Tag Archives: Mary

Lambeth

1 - Entrance to Lambeth Palace and Church of St Mary at Lambeth.JPG

Another in the occasional series on “Far-flung Lost London” …

Lambeth was first recorded as Lambehitha in 1062.  It takes its name  from the Old English for a place where lambs were either landed from or else boarded onto boats.

Lambeth Palace

2 - Entrance to Lambeth Palace.JPG

3 - View of Lambeth Palace - and Palace of Westminster - from tower of church.JPG

Lambeth Palace, the London residence of the Archbishop of Canterbury,  was originally built here in the thirteenth century, and subsequently extended in the late fifteenth and sixteenth, under Henry VII and Mary respectively.  The surviving Chapel and Lollard’s Tower date to the late Medieval; the Gate-House, built by Cardinal John Morton, to the post-Medieval, to  1495.  The famous Garden was probably originally laid out in the late fifteenth or sixteenth century.

St Mary-at-Lambeth

4 - St Mary-at-Lambeth exterior.JPG

5 - St Mary-at-Lambeth interior.JPG

The church of St Mary-at-Lambeth was originally built in the  eleventh century, and subsequently rebuilt in the fourteenth and  eighteenth.  The tower of 1377 survives from the fourteenth-century rebuild.

6 - Tradescant tomb.JPG

Here are buried, among others,  John Tradescant Sr. (c. 1580-1638), the gardener to Robert Cecil, 1st Earl of Salisbury; and his son John Tradescant Jr. (1608-62), the gardener to Charles II.  As well as being gardeners, the  Tradescants were also  travellers, collectors of curiosities, and joint founders of the Musaeum Tradescantianum, in a building called “The Ark” in Vauxhall, which was England’s first museum open to the public (at a cost of 6d).  In time, their  collections were  acquired by Elias Ashmole, and in 1691 donated by him to Oxford University, to form the nucleus of the Ashmolean Museum.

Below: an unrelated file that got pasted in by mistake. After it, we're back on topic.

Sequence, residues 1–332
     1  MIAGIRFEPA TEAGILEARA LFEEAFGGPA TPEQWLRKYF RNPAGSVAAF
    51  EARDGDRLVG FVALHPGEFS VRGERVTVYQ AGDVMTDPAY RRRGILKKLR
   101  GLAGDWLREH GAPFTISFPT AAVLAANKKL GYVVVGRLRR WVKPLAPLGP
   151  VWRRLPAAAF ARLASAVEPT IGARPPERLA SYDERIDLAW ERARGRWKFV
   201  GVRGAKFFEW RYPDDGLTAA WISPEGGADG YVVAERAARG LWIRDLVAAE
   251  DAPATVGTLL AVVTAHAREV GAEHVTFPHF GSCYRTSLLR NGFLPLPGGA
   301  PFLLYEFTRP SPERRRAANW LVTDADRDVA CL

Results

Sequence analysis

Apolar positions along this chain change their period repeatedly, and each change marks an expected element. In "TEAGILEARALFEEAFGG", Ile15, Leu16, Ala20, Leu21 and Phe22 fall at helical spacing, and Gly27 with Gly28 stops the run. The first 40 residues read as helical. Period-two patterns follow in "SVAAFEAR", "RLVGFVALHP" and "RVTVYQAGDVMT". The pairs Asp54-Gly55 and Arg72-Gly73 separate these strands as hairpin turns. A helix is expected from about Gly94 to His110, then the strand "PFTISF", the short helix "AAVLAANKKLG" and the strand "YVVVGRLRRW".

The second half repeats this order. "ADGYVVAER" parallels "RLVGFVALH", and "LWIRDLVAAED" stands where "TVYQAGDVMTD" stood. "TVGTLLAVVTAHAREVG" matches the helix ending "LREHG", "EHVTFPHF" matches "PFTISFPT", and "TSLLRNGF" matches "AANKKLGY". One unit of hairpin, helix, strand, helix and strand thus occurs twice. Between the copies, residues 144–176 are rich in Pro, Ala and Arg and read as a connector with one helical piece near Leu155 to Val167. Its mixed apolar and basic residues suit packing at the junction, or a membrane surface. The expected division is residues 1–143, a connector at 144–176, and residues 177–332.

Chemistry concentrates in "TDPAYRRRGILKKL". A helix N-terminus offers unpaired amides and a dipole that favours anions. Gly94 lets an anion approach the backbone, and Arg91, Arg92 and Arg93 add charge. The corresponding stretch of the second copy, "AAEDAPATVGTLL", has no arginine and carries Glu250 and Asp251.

Mary seizes the throne (Henry Machyn, 1553)

Queen Mary - quite scary

Henry Machyn wrote in his diary in 1553:

“The xix day of July was … Mare proclamyd qwene … , [as the] sister of the late kyng Edward the vi and daughter unto the nobull Henry  the viii … , and … ther was … song, and … belles ryngyng thrugh London, and bone-fyres, and tabuls in evere strett, and wyne and beer and alle, … and ther was money cast a-way”.

Meantime, Lady Jane Grey, who had acceded to the throne only nine days previously, was imprisoned in the Tower.  She was later tried and convicted on a charge of treason on November 13th, 1553, and eventually executed on February 12th, 1554.

 

 

Be of good comfort, brother

1 - Burning of Protestants at Stratford.jpg

On this day in 1556, during the Counter-Reformation, some 20000 people gathered in Stratford to witness the burning at the stake by the Catholic Queen Mary Tudor of thirteen Protestants (eleven men and two women) accused of  heresy.

2 - Memorial to the Protestant martyrs ar Stratford.JPG

There is a memorial to the martyrs outside the church of St John in Stratford.

3 - Burning of Protestants at Smithfield

A number of Protestant heretics were also burned at the stake by Mary  in West Smithfield, many of whom were later buried in the nearby church of St James  in Clerkenwell.

4 - Memorial to Protestant martyrs at West Smithfield

There is a memorial to three of them, namely, John Bradford, John Philpot and John Rogers,  in West Smithfield …

Martyrs - Copy

… and another in the church of St James in Clerkenwell.

John Foxe gives an account of the burning of Bradford in his “Book of Martyrs”, published in 1563, which reads as follows: